Where the Army goes so goes the Army Reserve

By Robert Martin    26 April 2019

Stephen Austin, Assistant Chief of Army Reserve, was the guest speaker at this year's USAR birthday celebration at the Army War College. Austin briefly talked about the history of the Army Reserve in Bliss Hall, April 25.

Army War College celebrates 111 years’ contributions of U.S. Army Reserve

USAWC student Col. David Parker opened the ceremony today in Bliss Hall to celebrate 111 years of the USAR.

“The Army Reserve began in 1908 through the vision of Elihu Root and Emory Upton,” said Parker. “Today we know the Army Reserve as an operational force, providing essential capability to the total force on an ongoing basis,” he said.

Parker introduced guest speaker Stephen Austin, Assistant Chief of Army Reserve.

Austin briefly talked about the history of the Army Reserve and its force structure.

“We want [reservists] to be ready as possible, but no so ready that they have to sacrifice their families, jobs or careers,” said Austin. “It’s a balancing act for someone that can balance two jobs at one time. I have never lived that -- I have tremendous respect for that.”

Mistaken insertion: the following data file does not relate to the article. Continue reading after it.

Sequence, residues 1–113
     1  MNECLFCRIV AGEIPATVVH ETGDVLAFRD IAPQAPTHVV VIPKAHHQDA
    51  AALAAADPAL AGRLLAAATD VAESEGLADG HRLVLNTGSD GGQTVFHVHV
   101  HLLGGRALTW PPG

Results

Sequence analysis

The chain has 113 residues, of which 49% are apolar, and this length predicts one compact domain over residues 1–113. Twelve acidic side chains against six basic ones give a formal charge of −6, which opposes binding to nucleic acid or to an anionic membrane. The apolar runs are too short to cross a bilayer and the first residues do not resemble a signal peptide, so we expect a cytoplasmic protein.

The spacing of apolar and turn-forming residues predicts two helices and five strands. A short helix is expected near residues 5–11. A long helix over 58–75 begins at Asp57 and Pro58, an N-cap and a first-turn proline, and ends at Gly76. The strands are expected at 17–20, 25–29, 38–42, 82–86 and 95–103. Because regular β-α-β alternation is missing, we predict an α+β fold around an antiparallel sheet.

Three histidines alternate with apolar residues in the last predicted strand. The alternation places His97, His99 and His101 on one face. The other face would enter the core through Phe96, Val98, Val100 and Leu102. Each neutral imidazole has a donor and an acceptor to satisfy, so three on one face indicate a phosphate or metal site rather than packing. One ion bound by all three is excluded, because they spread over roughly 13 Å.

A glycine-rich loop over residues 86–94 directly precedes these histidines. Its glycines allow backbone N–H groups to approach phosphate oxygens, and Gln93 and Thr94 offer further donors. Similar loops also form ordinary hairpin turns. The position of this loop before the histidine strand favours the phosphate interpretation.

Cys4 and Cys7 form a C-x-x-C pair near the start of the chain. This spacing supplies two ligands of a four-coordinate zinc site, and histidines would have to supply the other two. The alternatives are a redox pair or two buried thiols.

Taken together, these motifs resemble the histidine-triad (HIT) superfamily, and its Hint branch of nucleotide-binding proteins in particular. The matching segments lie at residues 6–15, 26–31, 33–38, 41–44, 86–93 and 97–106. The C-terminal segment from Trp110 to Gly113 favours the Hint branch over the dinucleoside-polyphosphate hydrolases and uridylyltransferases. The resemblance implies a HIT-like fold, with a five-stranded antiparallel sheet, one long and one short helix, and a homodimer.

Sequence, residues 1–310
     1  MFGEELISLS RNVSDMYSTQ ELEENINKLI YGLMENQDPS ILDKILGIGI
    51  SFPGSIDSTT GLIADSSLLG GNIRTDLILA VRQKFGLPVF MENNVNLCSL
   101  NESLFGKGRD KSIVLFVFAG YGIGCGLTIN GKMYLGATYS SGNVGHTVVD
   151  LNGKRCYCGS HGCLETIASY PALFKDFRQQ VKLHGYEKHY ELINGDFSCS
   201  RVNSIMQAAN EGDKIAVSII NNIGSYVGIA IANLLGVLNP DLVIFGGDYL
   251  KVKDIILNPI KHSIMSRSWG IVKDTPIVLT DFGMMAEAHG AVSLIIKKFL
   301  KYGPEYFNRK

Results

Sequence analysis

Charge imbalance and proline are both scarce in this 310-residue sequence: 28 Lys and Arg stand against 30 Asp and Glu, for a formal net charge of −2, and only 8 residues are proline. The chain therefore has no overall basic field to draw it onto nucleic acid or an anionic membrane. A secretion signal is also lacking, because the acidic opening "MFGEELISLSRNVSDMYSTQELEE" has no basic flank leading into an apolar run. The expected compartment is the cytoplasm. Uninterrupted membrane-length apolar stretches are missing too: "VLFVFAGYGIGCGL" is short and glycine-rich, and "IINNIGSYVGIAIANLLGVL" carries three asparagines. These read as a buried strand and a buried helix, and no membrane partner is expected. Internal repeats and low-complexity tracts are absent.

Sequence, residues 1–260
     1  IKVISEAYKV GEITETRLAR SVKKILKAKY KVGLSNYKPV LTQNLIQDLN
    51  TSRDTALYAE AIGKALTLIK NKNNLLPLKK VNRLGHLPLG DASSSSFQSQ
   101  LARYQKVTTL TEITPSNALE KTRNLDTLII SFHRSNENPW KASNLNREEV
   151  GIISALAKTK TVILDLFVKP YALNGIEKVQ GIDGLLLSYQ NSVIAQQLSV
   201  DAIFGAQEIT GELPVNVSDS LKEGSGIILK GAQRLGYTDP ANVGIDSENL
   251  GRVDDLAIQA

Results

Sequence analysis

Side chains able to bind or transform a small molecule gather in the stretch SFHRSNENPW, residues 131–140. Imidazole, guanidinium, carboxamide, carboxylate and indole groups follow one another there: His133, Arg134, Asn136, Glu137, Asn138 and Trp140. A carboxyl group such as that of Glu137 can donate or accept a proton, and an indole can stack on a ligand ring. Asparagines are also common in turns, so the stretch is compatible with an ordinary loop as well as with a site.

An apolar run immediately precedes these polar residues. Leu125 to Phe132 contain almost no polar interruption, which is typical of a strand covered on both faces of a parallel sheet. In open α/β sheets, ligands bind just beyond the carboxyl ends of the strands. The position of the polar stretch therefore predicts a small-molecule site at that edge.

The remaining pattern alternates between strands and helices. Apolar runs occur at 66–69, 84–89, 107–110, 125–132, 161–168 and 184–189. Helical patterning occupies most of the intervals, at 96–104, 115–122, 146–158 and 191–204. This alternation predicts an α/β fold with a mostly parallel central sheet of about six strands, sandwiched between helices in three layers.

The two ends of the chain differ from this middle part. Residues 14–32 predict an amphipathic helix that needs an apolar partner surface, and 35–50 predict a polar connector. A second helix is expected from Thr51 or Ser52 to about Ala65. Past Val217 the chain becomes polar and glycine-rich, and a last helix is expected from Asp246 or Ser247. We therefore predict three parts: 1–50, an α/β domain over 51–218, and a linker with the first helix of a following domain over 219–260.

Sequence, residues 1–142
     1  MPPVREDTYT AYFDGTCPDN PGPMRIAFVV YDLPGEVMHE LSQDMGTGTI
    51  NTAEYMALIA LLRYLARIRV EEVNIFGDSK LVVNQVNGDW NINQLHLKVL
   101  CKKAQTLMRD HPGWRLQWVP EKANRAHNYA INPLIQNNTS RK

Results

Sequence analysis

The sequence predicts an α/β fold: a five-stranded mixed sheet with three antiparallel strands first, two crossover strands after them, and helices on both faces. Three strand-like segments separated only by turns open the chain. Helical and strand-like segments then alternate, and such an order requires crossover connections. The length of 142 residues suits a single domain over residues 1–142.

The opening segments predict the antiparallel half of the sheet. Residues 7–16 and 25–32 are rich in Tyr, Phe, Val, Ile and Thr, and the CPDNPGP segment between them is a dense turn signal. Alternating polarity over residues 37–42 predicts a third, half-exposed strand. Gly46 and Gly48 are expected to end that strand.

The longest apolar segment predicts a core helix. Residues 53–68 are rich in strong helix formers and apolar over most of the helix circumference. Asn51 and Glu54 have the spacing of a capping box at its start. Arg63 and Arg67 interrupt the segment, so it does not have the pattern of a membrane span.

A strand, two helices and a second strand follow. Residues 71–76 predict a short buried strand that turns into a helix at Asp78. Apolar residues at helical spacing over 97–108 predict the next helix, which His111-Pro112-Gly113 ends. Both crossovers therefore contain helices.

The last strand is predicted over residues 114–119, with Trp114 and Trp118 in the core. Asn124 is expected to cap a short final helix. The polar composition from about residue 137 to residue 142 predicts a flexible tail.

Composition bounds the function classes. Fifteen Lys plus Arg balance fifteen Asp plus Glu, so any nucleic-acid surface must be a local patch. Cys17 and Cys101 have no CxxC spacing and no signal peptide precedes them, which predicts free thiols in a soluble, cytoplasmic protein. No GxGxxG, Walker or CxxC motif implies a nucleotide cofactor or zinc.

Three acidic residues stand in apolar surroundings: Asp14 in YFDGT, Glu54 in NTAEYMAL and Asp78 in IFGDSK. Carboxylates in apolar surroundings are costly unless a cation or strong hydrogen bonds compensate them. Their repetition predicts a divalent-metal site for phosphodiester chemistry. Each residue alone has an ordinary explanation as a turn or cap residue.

“It is a relationship, it is a family, the active Army, Army Reserve and National Guard. Now we are celebrating a birthday of one of our family members. That is the Army Reserve,” Austin said.

Austin became the Assistant Chief of Army Reserve on October 4, 2015. He serves as the primary advisor to the Chief of Army Reserve within Headquarters, Department of the Army. Prior to assuming this position, he was the Chief Financial Officer and Director, Resource Management and Materiel for the Army Reserve. He served 27 years as active duty Army officer.


A veteran of the Civil War, Gen. Emory Upton analyzed the German Army on behalf of Gen. William T. Sherman; his insights on U.S. military history and arguments for necessary U.S. military innovations influenced Secretary of War Elihu Root, 1899-1905, in the “Root Reforms” which included reorganization of the Army and establishment of the U.S. Army War College, in 1901.